Copied from the typescript publicly available at the FamilySearch Digital Library. Even though this was written by Theodore, historical records indicate not all the listed dates are accurate. Theodore likely wrote this at the end of his mission in 1840. (Capitalization and spelling reflect the typescript.)
Theodore Turley, son of William and Elizabeth (Yates) Turley, born in Birmingham England, April 10, 1800.
Emigrated to Canada 1825 with my wife Frances Amelia and two children. Commenced preaching Methodism in 1818.
Continued in that course in England and Canada, until Elder Parley P. Pratt came to Canada; baptized Elder Isaac Russell. He came to my house and said he had been warned in a dream that he must come to my house and preach. I received the truth the first time I heard it, and my wife also was baptized the 1st of March 1837.
Baptized, Confirmed and Ordained a Priest by Elder Parley P. Pratt March 1, 1837.
Called to take a mission March 2, 1837, built up a Church of 17 members in three weeks, among the members was Elders Mulholand, Stauding and Mulliner. Then I was ordained an Elder by P.P. Pratt, continued preaching until we went to Kirtland and from there to Missouri and remained one year. Was appointed one of the committee to remove the poor after Bogs’ extermination order. Remained there until all the saints were removed and Joseph Smith got out of prison. I was with the Twelve at the fulfilling of the revelation concerning the re-laying the foundation stone of the Temple in Far West and then taking leave to go upon a mission to Great Britain.
I was ordained a Seventy in Far West in 1838 by Heber C. Kimball. I came to Nauvoo with Joseph Smith the Prophet and built the first house that was built by a Mormon in Nauvoo; was one of the committee to fix the size of the lots and run off streets & Co. In September 21, 1839 was set apart by the Prophet Joseph and Hyrum Smith, when John Taylor and Wilford Woodruff was to go to England. Went to Kirtland with Elders Brigham Young, Heber C. Kimball, George A. Smith, R. Hadlock, and John Taylor, received my Washings and Annointings under the hands of the Twelve. Went to England in Company with Wilford Woodruff and John Taylor. September the 12th, 1840 sailed with the first company of 209 Saints for Nauvoo.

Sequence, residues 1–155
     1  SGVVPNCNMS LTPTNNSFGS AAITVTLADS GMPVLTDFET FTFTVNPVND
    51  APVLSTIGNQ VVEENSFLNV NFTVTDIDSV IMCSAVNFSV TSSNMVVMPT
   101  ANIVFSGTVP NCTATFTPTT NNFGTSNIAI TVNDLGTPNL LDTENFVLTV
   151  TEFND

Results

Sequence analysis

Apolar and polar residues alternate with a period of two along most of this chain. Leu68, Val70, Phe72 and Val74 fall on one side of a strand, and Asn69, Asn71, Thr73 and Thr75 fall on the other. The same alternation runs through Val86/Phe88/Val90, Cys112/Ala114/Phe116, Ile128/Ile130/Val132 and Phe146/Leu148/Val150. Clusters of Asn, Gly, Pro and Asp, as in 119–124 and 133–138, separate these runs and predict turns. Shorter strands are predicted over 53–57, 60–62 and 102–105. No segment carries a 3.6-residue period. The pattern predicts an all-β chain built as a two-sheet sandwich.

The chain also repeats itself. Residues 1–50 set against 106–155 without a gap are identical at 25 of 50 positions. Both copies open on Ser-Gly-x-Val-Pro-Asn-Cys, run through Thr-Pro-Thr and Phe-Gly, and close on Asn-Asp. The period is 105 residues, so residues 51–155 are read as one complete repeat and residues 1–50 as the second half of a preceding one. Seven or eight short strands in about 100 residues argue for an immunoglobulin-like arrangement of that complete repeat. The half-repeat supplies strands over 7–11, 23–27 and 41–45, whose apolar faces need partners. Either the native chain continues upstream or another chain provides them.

Background of Theodore’s autobiography provided by Richard E. Turley, Jr., at the 2016 TTFO Temple and Family History Day Presentation. (As reported in the March 2018 Newsletter.)
[29:32] Years ago when I was doing work on Theodore Turley’s mission journal, I found in the BYU Special Collections a typescript of Theodore Turley’s journal. They had the actual journal there as well, so I was able to compare the typescript to the actual journal. And what I discovered is that the typescript had more information at the beginning than was in Theodore’s journal. So I got the original journal out, and I looked at it very, very carefully. There were no missing pages. So I asked myself the question, where did the typist get all of this additional information that was at the front of this typescript and that just smoothly flowed into the journal? And I had a couple theories, one of which was whoever created the typescript was a family historian who wasn’t particularly careful about distinguishing his or her own research from the journal itself. And they had just sort of thrown this information together and then let it smoothly flow into a typescript of the journal.
Years later in the 1990s, when I was managing director of the Church Historical Department, a patriarch from California walked into the Church Archives. He was there for the purpose of donating his patriarchal blessings, which patriarchs do from time to time. But he brought with him a series of papers that had been recently given to him. And the staff saw what he had and brought them in to me, and I talked with him.
This was his story. He said, “I’m in the movie industry in Southern California, and I have a friend who’s also in the movie industry. I’m a Latter-day Saint; he is not. One day, he and his wife were looking through some old papers in their possession which they were about to throw away. As they were going through their old papers they found this stack, and they noticed the name Joseph Smith. And they immediately recognized that as a famous name, and they knew that Joseph Smith was a Latter-day Saint prophet. So the man came to me and said, ‘If we give you these old papers, what will you do with them?’” [The patriarch] said, “I told them that if they gave them to me I would take them to Salt Lake City, and I would donate them to the Church Archives. So that’s what I’ve done,” he said.
Well, what he donated was Theodore Turley materials passed down through his daughter, Sarah, to this line of people who, the wife was probably a descendant. I don’t know the name, that’s been lost. But they eventually just walked into the Church History Library where they are today. It turned out to be, in Theodore Turley’s handwriting, a personal history that he had drafted as a kind of prelude to his mission journal. And so we now have this personal history, which will be included in the [Theodore Turley] Papers, in which he describes his early life. [32:38]